The following notation is used throughout the chapter on Keys, Pins, and:

D = Average diameter of rod (inches). Di = Outside diameter of socket (incles). a = Diameter of shaft (Inches). L = Length of key (inches).-P = Driving force (lbs.). P1 = Axial load on rod (lbs.). R = Radius at which P acts (inches). Sc = Safe crushing ober stress (lbs. per bo. in.).

S = Safe shearing flber; stress lbs.;

S =Safe tensile fiber stress (lbs. par; sq., in.). T = Thickness of key (inches). W - Width of key (inches). v = Average width of colter (inches).

w2; = End of slot to end of socket (inches).

Keys And Pins. Analysis

Keys and pins are used to prevent relative rotary motion between machine parts intended to act together as one piece. If we drill completely through a hub and across the shaft, and insert a tightly fitted pin, any rotary motion of the one will be transmitted to the other, provided the pin does not fail by shearing off at the joint between the shaft and the hub. The shearing area is the sum of the cross-sections of the pin at the joint.



We may drill a hole in the joint, the axis of the hole being parallel to the axis of the shaft, and drive in a pin, in which case we introduce a shearing area as before, but the area is now equal to the diameter of the pin multiplied by its length, and the pin is stressed sidewise, instead of across. It is evident in the sidewise case that we may increase the shearing area to anything we please, without changing the diameter of the pin, merely by increasing the length of the pin.

As there are some manufacturing reasons why a round pin placed lengthwise in the joint is not always applicable, we may make the pin a rectangular one, in which case it is called a key.

When pins are driven across the shaft as in the first instance, they are usually made taper. This is because it is easier to ream a taper hole to size than a straight hole, and a taper pin will drive more easily than a straight pin, it not being necessary to match the hole in hub and shaft so exactly in order that the pin may enter. The taper pin will draw the holes into line as it is driven, and can be backed out readily in removal.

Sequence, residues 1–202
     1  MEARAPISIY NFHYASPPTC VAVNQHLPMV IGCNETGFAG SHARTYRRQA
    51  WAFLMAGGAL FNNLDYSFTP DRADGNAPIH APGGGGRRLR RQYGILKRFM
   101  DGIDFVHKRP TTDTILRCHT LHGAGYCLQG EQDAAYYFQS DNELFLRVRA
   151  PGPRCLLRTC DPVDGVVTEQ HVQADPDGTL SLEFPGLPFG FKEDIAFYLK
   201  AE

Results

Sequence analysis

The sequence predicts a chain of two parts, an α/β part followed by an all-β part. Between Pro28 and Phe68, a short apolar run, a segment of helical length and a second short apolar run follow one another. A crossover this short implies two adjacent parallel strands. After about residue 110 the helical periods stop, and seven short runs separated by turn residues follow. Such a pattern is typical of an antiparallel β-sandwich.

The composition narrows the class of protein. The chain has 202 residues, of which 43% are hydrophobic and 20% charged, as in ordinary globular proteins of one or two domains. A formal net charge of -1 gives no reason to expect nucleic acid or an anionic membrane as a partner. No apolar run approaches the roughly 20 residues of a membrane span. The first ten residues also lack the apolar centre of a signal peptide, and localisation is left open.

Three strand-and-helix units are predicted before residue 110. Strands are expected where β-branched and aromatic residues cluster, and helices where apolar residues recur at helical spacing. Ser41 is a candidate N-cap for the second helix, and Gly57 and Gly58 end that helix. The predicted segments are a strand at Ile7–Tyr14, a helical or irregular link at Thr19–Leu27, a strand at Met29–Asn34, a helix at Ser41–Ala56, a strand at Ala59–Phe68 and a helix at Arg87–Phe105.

Keys of the rectangular form are either straight or tapered, but for different reasons from those just stated for pins. Straight keys have working bearing only at the sides, driving purely by shear, crushing being exerted by the side of the key in both shaft and hub, over the area against the key. The key itself does not prevent end motion along the shaft; and if end motion is not desired, auxiliary means of some sort must be resorted to, as, for example, set screws through the hub jamming hard against the top of the key.

If end motion along the shaft is desired, the key is called a spline, and, while not jammed against the shaft, is yet prevented from changing its relation to the hub by some means such as illustrated in Fig. G5.

Taper keys not only drive through sidewise shearing strength, but prevent endwise motion by the wedging action exerted between the shaft and hnb. These keys drive more like a strut from corner to corner; but this action is incidental rather than intentional, and the proportions of a taper key should be such that it will give its full resisting area in shearing and crushing, the same as a straight key.

Keys And Pins Analysis 10081

Fig. 65.


Suppose that the pin illustrated in Fig. 66 passes through hub and shaft, and the driving force P acts at the radius R; then the force which is exerted at the surface of the shaft to shear off the pin at the points A and B is 2 PR /d - . If D1 is the average diameter of the pin, its shearing strength is 2π D1 2 S3 /4

Equating the external force to the internal strength, we have :

2PR /d = 2πD1 2 S3 /4;

D1 = √ 4PR / πds3 (103)

In Fig. 67 a rectangular key is sunk half way in hub and shaft according to usual practice. Here the force at the surface of the shaft, calculated the same as before, not only tends to shear off the key along the line AB, but tends to crash both the portion in the shaft and in the bub. The shearing strength along the line AB is LWSS. Equating external force to internal strength, we have:

Theory 10082

Fig. 66.

Theory 10083

Fig. 67.

2PR/d = LWS.; or, W = 2PR/dLS. (104)

The crashing strength is, of coarse, that doe to-the weaker metal, whether in shaft or hub. Let Sc be this least safe crashing fiber stress. The crushing strength then is - LT/2 S0, and, equating external force to internal strength, we hare:

2PR/d = LT/2 Sc; or, T = 4PR / dLSc (105)

The proportions of the key most be such that the equations as above, both for shearing and for crashing, shall be satisfied.